After two months without a post one might be thinking, “Gosh, she’s having a terrific time in the Philippines,” or possibly, “I wonder if she’s still alive… oh well, not much I can do about that. Just have to wait and see.”
I am not in the Philippines, I am back home in lovely, sprawling, slightly browny yellow sky, Los Angeles.
But I can’t leave an eight month round the world trip hanging like that, “Oh yeah, I was in the Philippines and then I did some stuff, and then some more stuff and then I came home.” People who tell stories like that have no soul. True story.
So let’s back track to where I left off: making my way to El Nido.
It’s a five to six hour journey from Puerto Princesa to El Nido. Most Western tourists take a direct van ride rather than the bus because there’s stacks of them going all day long as opposed to the twice daily bus, and they’re air conditioned. The bus is around $5, and the van is anything from $9 – $15 depending on the person who books it. The ride up is beautiful, try not to fall asleep or you’ll miss the dense jungle foliage, the dramatic mountain tops, and the panoramic views of bays with water so blue it melts into the sky.
Arriving in El Nido you get dropped off at a bus terminal which is actually 2 km out of town, which seems an odd place to have a bus terminal, until you actually get to the town proper and see for yourself there’s no way you could squeeze in a busy station amongst the handful of narrow streets packed with guest houses, restaurants, tour operators, tiny shops, and less than a dozen municipal buildings that constitute the entirety of El Nido.
You can take a tricycle into town, or you can stroll along the rutted road dragging your, now very grubby looking, wheelie duffle bag, and stopping to ask rates and availability at every guest house along the way, including the ones which look way too nice for your budget because you never know …
After trying out a series of way too nice places, I found a dark shop, crammed to the rafters with slightly rotting food and cleaning goods, the fruit at the front hosting a rave for the local neighbourhood flies. It advertised rooms to rent, this looked a little more wallet friendly and with my spectacular bargaining skills – “You said it would be 500, not 700, I can’t afford that! Oh alright, 600.” – I found myself a comfy double bed, and en suite bathroom complete with non-flushing toilet and waterless shower. It’s all the rage here, to have a plumbed in bathroom but only have a trickle of water coming from the sink and then a tap low down on the wall to fill up a bucket so that you can then scoop the water from the bucket into the toilet, or over your body. Dousing yourself with a small container of water every five seconds is a refreshing method of bathing in the Philippines , as hot water is considered a namby pamby luxury commodity.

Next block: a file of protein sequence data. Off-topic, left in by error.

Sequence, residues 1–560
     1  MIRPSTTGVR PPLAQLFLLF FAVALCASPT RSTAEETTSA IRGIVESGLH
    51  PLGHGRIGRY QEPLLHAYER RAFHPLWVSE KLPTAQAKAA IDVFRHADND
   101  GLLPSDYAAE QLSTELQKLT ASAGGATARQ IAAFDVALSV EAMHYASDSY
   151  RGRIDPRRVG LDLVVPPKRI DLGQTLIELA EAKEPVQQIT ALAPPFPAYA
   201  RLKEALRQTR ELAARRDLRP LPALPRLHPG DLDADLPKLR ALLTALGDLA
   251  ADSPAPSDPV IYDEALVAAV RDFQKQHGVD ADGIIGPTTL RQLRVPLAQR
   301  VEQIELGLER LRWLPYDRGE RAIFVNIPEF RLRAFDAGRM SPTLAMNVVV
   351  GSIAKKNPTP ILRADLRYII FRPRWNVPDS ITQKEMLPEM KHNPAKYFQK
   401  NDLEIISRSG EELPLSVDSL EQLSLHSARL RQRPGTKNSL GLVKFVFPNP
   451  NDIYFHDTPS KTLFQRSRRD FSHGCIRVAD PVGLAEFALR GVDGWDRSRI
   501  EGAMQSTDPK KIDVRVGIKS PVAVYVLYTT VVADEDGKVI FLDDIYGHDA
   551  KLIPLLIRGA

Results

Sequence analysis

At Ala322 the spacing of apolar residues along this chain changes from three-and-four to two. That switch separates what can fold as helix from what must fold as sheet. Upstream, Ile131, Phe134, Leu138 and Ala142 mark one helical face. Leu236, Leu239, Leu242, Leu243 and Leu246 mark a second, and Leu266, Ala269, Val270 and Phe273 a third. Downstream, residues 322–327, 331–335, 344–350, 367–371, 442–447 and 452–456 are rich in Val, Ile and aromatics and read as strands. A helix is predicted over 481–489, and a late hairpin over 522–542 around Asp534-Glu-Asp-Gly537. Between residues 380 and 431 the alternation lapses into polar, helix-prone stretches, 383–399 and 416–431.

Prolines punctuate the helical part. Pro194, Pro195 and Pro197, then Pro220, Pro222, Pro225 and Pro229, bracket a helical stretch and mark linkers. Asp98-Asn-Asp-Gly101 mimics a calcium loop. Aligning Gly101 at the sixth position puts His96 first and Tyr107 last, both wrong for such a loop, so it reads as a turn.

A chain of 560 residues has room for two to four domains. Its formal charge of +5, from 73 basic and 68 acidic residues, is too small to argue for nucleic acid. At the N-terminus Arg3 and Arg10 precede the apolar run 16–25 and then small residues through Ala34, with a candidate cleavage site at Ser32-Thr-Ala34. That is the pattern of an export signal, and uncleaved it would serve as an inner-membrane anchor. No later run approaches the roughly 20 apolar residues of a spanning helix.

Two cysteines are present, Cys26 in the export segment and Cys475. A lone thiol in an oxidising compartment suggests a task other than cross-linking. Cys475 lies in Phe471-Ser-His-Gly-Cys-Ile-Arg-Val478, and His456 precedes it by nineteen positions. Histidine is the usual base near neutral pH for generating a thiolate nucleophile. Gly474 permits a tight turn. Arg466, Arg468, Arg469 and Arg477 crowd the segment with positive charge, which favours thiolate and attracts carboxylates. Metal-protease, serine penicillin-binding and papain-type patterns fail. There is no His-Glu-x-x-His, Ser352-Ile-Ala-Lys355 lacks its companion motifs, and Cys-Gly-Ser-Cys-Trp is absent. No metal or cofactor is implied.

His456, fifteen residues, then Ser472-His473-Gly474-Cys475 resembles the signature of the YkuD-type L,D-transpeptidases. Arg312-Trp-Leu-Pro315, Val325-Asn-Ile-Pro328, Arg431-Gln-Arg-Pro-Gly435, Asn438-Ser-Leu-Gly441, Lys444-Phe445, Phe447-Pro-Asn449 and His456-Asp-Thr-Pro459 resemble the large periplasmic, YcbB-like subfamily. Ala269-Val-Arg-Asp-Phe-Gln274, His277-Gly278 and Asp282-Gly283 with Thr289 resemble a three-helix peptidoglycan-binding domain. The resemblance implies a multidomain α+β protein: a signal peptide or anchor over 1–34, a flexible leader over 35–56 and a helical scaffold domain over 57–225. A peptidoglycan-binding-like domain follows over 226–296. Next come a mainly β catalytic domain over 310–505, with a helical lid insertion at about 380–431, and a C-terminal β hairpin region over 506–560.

The bay at El Nido is quite stunning, a classic sweeping curve of sand overlooking several verdant islands rising sharply from the water. It is however, a resort, so the beach front is a crowded jumble of restaurants and bars, and it’s not particularly easy to swim in the bay since it is a natural harbour in constant use for the hundred or so small boats – and their anchor lines – that take holiday makers out on tours.
That’s what people do when they visit El Nido, they go on day trips. The Philippines has a socialist aspect to tourism, in that, despite there being dozens of tour operators, they all offer the same four island hopping tours, A, B, C, D, and they all charge the same price. It’s rather nice if you’re aware of the situation because you don’t have to shop around, or worry that you’re getting ripped off. Somebody at some point has declared that tours A and C are the best ones so most people will do just those two, visiting a series of lagoons, undeveloped beaches, and some pretty fair snorkelling spots. If you’ve got a few extra days, then you can make some trips to more deserted beaches and more crystal clear water further North, or get a guide to take you to the nearby waterfalls. Other than that you eat, and drink rum. Sounds hideous, doesn’t it? Just to round out the awfulness, take an evening stroll to the nearest hamlet, Corong Corong. It’s a twenty minute walk that will reward you with a quieter beach, soft strains of gentle mood music floating across the bay, and a sky so crowded with stars that there is no empty space between them.